The three possible expression patterns of the T cell activation markers HLADR and CD38 (CD38+ HLADR-, CD38+ HLADR+, and CD38- HLADR+) were analyzed in CD8+ T cells (Figures 3 and 4). CD8+ T cells with each of these three patterns changed with treatment. Whereas total counts of CD8+ T cells expressing only CD38 began contracting as soon as HAART was initiated (Figure 3A, B), CD8+ T cells expressing CD38 and HLADR exhibited a delayed decrease, mainly in the TB IRIS group, resulting in significant differences between groups at weeks 8 and 12 (p = 0.025 and p = 0.028, respectively), and coinciding with TB IRIS onset (Figure 3C). At week 8, the TB IRIS group had significantly greater HLADR+ CD38+ CD8+ T cell counts than the Other IRIS and No IRIS groups (p = 0.039 and p = 0.006, respectively). At week 12, the TB IRIS group trended toward greater HLADR+ CD38+ CD8+ T cell counts than the Other IRIS group (p = 0.072), and exhibited significantly greater counts than the No IRIS group (p = 0.007) (Figure 3C). In contrast, CD8+ T cells expressing only HLADR were increased by HAART in both their relative frequency (Figure 3A) and absolute counts (Figure 3D).
Figure 3

Frequencies and absolute counts of activated CD8 T cell subsets. A) Frequencies of activated CD8 T cell subsets according to CD38 and HLADR expression during follow up. The numbers in each quadrant correspond to the mean of all patients’ percentage of the subpopulation among all CD8 T cells. B) Mean ± 1 SEM absolute counts of CD38+ HLADR- CD8 T cells. C) Mean ± 1 SEM absolute counts of CD38+ HLADR+ CD8 T cells. D) Mean ± 1 SEM absolute counts of CD38- HLADR+ CD8+ T cells. * Significant difference between the TB IRIS and No IRIS groups. # Significant difference between the TB IRIS and Other IRIS groups. Two-group differences were determined only when the Kruskal-Wallis test showed overall group effects.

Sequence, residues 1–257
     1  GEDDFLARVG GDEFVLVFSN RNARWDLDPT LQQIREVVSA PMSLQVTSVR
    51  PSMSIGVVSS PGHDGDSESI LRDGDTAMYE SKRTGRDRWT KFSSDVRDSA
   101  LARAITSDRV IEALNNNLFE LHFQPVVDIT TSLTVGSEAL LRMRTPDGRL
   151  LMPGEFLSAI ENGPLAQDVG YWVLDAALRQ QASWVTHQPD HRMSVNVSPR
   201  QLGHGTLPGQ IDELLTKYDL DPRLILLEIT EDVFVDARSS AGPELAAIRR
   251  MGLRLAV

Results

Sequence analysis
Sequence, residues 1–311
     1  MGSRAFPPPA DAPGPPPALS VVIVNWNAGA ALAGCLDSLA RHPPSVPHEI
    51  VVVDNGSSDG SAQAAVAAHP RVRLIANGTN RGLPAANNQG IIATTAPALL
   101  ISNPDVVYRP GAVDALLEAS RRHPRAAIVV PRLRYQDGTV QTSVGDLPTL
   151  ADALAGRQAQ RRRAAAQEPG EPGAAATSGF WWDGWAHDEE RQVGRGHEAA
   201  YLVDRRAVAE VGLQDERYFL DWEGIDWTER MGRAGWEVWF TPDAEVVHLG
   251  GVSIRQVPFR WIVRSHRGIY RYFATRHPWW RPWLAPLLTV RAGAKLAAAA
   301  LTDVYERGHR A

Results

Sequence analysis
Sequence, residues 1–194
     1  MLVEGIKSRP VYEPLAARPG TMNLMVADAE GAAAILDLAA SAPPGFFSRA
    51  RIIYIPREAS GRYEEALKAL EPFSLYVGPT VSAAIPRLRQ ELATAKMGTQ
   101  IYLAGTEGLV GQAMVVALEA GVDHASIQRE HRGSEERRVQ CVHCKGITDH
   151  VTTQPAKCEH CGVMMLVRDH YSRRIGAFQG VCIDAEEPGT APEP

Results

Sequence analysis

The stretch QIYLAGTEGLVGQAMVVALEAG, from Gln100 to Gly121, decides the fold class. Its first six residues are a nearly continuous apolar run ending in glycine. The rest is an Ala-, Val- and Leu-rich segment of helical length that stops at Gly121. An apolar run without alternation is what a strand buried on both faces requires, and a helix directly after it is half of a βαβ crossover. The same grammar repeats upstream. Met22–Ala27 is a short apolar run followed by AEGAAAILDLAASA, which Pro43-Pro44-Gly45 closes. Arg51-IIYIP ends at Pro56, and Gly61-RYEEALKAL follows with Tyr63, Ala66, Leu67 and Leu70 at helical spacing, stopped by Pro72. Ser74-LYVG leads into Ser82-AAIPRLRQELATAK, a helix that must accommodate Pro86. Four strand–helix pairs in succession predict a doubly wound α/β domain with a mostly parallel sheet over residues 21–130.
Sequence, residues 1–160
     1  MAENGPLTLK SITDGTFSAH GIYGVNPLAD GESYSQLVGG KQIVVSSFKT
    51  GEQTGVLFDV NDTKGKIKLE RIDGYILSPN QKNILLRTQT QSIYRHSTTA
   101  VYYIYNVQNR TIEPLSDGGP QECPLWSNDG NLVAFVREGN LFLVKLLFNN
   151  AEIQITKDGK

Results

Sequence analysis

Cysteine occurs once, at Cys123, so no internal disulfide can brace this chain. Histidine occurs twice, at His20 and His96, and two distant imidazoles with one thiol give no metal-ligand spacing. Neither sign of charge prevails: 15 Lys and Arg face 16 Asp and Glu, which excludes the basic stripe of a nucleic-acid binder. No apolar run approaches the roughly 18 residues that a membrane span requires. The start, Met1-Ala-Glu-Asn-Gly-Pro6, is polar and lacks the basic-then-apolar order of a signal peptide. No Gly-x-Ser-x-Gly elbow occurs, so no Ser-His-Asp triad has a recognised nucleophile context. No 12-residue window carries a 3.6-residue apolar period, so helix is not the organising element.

Figure 4

Expansion of activated naive CD8 T cells during TB IRIS. Zebra plots of CD8+ T cell maturation subpopulations according to CCR7 and CD45RA expression (see Methods) in a week 8 sample from a TB IRIS patient (A), and of week 8 sample from an Other IRIS patient who developed CMV retinitis at week 8 (C), showing the group’s mean % naive of CD8+ T cells. (B) Zebra plots showing activated subsets of naive CD8 T cells from the TB IRIS patient and the TB IRIS group’s mean % CD38+ HLADR+ of naive CD8 T cells at week 8. (D) Zebra plot showing activated subsets of naive CD8 T cells from the CMV IRIS patient and the Other IRIS group’s mean % CD38+ HLADR+ of naive CD8 T cells at week 8. (E) Absolute counts of CD38+ HLADR+ naive CD8+ T cells throughout the study. Values correspond to each group’s mean ± 1 SEM. * Significant difference between the TB IRIS and No IRIS groups # Significant difference between the TB IRIS and Other IRIS groups. Two-group differences were determined only when the Kruskal-Wallis test showed overall group effects.

No differences between groups in the absolute counts of CD38+ HLADR- or CD38+ HLADR+ CD4+ T cells were found at any time point (not shown).

Activated CD8+ T cell expansion in TB IRIS occurs in naive cells